Successful Aging: Difficult decision over care optionsPosted on January 6, 2014 by ElderCare Resources in Blog, Caregiver Education, Education, Geriatric Care Management, Home Care Non-Medical, Home Health Care Medical, Hospice & Palliative Care, Long Term Care Information, Respite Care
Q: After a long chronic illness, my husband — the love of my life — recently suffered a serious stroke and is in the hospital. He is now stable and we are faced with the difficult decision as to what’s next. I’m not sure how long he will live and fear he will just wilt and possibly die in a rehabilitation center or nursing home. If he comes home he will require 24-hour care, which is very expensive. The rehab center will likely provide more physical therapy than what he will get at home. I just don’t know what the future holds — hospice, getting better or just staying the same. I am stressed and exhausted. Any words of wisdom? Many thanks. — B.E.
A: The situation you face is emotional, complex as well as potentially expensive. Throw in fatigue, uncertainty and love, and your exhaustion is understandable. Let’s begin with a few practical thoughts.
Consider having a serious conversation with his physician. What is the outlook for your husband, his recovery and needs? Ask a most difficult question — “Is hospice warranted?” Generally a six-month life expectancy is a rule of thumb.
On a lighter note, while in hospice, the late columnist Art Buchwald was given two to three weeks to live. He defied the odds and lived for 11 months and has been quoted as saying, “I never knew how many perks were involved with dying.”
During his 11 months, Buchwald held court in a beautiful living room with a constant flow of visitors such as former Sen. John Glenn, Jack Valenti, Ethel Kennedy and more. He marveled that there was no diet and could order out McDonald’s hamburgers and milkshakes. During that time, Buchwald wrote “Too Soon to Say Goodbye” (Random House, 2006) and canceled his own funeral.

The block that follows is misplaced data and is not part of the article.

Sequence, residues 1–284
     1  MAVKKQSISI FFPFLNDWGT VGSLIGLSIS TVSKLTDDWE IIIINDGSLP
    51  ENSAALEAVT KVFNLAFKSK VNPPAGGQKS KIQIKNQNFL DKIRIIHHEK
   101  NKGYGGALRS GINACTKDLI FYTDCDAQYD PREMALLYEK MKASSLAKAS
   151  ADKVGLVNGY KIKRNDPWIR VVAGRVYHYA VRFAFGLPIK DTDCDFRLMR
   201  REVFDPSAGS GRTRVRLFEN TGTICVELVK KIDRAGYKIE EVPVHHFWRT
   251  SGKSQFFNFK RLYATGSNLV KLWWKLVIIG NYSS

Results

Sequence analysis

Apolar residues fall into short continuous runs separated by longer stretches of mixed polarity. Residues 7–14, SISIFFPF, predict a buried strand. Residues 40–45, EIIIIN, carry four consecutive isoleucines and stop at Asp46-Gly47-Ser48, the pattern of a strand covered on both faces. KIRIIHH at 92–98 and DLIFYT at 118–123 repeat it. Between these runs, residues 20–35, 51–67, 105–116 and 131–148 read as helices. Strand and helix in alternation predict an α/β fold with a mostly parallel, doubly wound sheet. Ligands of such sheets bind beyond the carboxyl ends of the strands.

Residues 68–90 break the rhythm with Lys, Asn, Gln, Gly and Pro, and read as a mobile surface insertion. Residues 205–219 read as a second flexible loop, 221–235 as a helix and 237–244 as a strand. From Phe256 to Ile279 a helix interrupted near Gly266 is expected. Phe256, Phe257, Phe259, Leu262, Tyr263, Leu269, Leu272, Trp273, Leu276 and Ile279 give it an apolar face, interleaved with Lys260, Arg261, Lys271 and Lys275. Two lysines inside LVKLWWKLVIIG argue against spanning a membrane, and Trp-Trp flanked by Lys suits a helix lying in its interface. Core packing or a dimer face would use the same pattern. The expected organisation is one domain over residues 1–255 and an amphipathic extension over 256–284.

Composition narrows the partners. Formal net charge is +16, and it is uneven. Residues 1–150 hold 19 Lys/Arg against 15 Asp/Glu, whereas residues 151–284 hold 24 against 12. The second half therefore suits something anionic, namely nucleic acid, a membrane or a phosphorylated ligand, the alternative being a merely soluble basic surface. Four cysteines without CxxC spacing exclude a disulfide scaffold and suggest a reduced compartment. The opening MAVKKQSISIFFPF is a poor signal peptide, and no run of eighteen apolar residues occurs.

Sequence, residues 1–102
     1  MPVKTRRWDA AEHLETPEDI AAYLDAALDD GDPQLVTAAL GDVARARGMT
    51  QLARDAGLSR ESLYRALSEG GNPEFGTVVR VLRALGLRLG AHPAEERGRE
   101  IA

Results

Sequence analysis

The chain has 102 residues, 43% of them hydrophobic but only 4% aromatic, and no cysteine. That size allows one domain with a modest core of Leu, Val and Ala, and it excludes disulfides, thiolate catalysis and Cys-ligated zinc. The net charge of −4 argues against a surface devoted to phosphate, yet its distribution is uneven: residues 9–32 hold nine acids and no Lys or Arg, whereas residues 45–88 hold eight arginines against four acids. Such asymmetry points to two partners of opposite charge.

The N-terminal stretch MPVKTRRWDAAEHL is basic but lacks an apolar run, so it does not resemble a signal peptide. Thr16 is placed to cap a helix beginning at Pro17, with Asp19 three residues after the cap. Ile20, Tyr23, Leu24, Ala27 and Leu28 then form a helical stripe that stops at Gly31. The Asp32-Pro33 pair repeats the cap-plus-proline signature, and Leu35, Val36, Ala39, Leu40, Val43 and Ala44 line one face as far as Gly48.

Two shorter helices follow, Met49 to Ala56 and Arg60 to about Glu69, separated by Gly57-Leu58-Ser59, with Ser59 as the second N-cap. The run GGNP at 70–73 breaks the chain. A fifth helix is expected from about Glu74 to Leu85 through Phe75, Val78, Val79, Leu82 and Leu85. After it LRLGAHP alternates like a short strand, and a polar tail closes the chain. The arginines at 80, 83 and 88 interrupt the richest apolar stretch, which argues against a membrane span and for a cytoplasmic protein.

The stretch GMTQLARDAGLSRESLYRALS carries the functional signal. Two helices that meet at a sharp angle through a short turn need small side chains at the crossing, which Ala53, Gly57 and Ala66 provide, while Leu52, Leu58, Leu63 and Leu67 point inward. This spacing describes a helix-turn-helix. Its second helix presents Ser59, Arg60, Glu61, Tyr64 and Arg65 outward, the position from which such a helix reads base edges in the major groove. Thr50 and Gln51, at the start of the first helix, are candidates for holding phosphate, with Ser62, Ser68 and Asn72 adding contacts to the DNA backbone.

One moral of this story is that none of us know when our final exit will occur, despite medical predictions.
Now let’s return to your question. Consider speaking with your husband about his preferences. Assuming a stay in a rehabilitation facility is appropriate, the frequency of having more physical therapy may lead to faster and perhaps better recovery — a possible selling point. If that’s the decision, consider giving him a guaranteed exit if he is unhappy there. For example, “Dear, if you are not comfortable at the facility, call me immediately and I promise you that I’ll pick you up in 24 hours and take you home.” Offer him as much control as possible and reasonable over his destiny.
Although this is no consolation, you are not alone. According to the National Family Caregivers Association, each year more than 50 million people provide some caregiving services. Eighty percent to 90 percent is provided by family members.
Here are some additional facts that give us a picture of caregiving in the U.S.:
• In 2007, the estimated annual value of caregiving was $375 billion. That amount is comparable to Wal-Mart’s total sales in the same year. Although this information is somewhat dated, today’s cost would not be less.
• Almost one-third of family caregivers for older adults are 65 and older.
• Family caregivers who experience a high level of stress can age prematurely, shortening the life of a family caregiver as much as 10 years.
• Those providing elder-care services have yearly out-of-pocket expenses, on average, of $5,531.
• California, the state with the highest number of people 65 and older, also has the largest number of family caregivers in the U.S., almost 3.5 million. The state with the next largest number of comparable caregivers is Texas with just over 2 million.
A big challenge is “managing it all.” Here are just a few tips to consider:
• Take some time off from caregiving responsibilities. Perhaps another family member or friend can fill in to provide some respite for you.
• Take care of yourself. Remember the importance of exercise, nutrition, sleep and managing stress. In a quiet moment, write down all of the healthy things you are doing. Then write the changes you want to make and the resources that can support you. Then, in the Nike tradition, “Just do it.”
• Identify what brings joy into your life. Incorporate at least one “joy item” into your daily schedule. It could be a walk at the beach or coffee with a friend.
• Consider contacting a caregiver support group in your area. For up-to-date information and support, contact USC’s Los Angeles Caregiver Resource Center at 800-540-4442.
B.E., best wishes for your husband’s recovery. And best wishes to you for health and resilience during this difficult time.